Archaeolgoical work at Harbison Crossroads makes local news

Harbison Crossroads

Harbison Crossroads from the project area, facing east-northeast.

You may remember a recent blog post discussing an archaeological investigation in East Tennessee in search of Reynold’s Station. Although the investigation determined it was not the location of Reynold’s Station, there was still an abundance of information that could be obtained from the discovered site . After the initial investigation, it was determined that the site had further potential to yield information on early Euro-American and enslaved African-American inhabitants of East Tennessee and Knox County, and on the material culture of the enslaved and  the changes that took place to the landscape through time.

Recently members from CRA, along with archaeologists from the Tennessee Department of Transportation, were part of a local news story discussing the findings and on-going archaeological investigations. You can read the news story and watch the video clip of the site here.

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Posted in Archaeology Projects, News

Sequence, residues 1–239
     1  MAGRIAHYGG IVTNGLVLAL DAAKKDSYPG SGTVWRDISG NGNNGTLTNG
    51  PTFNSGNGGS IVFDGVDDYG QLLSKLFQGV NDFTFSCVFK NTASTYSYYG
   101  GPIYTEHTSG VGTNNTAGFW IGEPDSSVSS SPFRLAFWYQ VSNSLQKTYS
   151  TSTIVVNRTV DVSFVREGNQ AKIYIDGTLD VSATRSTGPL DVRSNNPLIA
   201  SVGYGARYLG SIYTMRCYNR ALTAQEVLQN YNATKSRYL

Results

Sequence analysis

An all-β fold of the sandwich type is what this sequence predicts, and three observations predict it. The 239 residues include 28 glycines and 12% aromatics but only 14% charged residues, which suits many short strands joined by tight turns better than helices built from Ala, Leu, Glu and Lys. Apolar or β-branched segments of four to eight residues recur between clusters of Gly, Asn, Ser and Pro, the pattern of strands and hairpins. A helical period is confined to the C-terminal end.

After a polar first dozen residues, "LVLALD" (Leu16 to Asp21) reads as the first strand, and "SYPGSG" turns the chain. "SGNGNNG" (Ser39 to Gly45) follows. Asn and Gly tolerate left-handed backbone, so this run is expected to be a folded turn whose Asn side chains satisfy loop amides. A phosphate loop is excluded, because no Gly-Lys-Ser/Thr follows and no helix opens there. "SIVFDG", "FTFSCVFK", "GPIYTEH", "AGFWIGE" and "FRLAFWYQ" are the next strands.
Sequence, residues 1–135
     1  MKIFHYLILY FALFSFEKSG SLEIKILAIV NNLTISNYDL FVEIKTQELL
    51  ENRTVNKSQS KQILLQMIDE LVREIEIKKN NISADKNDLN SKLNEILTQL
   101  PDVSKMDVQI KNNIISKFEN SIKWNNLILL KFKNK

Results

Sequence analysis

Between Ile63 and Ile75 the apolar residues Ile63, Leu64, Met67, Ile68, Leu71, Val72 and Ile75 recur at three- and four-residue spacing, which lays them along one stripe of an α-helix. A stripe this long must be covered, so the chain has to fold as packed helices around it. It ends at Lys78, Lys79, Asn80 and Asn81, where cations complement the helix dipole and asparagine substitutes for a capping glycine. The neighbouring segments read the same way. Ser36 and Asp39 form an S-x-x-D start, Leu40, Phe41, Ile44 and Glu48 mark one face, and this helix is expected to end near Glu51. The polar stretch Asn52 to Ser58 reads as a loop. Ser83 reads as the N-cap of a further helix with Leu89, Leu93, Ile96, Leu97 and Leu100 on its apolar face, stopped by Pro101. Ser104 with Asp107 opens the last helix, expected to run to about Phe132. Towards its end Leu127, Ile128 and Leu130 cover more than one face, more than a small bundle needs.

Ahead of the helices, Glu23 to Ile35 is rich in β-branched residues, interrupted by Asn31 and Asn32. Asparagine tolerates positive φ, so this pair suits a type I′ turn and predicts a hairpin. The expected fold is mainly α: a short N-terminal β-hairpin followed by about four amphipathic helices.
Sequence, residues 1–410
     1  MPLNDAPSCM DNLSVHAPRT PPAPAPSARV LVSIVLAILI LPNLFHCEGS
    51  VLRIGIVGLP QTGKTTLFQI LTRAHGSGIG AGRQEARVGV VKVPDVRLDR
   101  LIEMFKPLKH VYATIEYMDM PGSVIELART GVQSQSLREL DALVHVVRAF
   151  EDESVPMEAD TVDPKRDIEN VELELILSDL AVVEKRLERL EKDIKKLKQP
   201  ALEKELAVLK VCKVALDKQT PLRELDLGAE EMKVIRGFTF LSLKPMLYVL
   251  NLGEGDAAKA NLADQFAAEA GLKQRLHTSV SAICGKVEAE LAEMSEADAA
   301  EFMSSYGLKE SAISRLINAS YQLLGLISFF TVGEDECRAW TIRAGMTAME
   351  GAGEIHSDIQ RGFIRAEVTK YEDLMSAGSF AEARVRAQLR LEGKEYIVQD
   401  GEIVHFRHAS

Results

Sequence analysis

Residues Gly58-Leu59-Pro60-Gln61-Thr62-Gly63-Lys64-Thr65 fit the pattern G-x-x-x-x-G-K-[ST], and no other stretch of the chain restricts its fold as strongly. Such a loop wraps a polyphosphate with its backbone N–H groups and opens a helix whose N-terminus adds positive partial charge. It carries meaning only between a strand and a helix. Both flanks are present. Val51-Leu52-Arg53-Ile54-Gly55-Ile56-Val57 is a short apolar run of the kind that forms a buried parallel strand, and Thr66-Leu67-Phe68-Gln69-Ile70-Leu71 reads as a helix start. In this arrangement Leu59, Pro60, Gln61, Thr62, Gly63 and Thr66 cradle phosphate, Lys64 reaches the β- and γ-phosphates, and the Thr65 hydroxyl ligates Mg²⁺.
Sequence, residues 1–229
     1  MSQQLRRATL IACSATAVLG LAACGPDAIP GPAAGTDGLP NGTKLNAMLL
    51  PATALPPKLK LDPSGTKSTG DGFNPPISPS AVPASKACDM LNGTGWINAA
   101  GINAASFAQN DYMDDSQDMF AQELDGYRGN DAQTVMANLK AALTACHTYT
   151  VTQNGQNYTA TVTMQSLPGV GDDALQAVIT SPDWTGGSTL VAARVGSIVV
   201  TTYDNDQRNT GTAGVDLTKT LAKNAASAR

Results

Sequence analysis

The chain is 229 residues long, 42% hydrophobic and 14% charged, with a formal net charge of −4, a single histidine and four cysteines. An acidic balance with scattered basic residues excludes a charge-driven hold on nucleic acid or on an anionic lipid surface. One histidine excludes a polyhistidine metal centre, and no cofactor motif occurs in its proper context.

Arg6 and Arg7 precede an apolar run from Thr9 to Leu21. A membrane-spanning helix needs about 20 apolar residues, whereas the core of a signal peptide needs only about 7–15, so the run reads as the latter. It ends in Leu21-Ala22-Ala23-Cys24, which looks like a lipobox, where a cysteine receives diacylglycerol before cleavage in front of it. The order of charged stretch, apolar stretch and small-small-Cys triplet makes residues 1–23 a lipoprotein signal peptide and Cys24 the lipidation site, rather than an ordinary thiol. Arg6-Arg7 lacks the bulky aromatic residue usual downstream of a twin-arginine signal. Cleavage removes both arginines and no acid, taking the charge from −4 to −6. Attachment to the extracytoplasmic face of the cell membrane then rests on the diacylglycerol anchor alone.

3 comments on “Archaeolgoical work at Harbison Crossroads makes local news
  1. bill bayless says:

    I am interested in Reynolds station I’ve lived in Corryton tn on ridgeview rd for bout 25years and now on Monday rd in Plainview in Corryton tn. I metal detect around area at time and its interesting Reynolds block house like a fort in days when Indians was in the area.

  2. bill bayless says:

    My comment above bout Reynolds block house as a fort again Indians back in days in Indian were in this area.

  3. Paul Avery says:

    Mr. Bayless, I was the Principal Investigator on this project. I appreciate your interest in our work! Unfortunately, we found no evidence whatsoever of there having been a station where we worked. In fact, our research showed that Reynolds never owned that particular tract. We did uncover a row of cellars associated with slave cabins dating from 1800-1836 when George Perry owned the property. Please use your metal detector carefully, as once things are excavated, they no longer have their context and important data can be lost. Thanks again for your interest!

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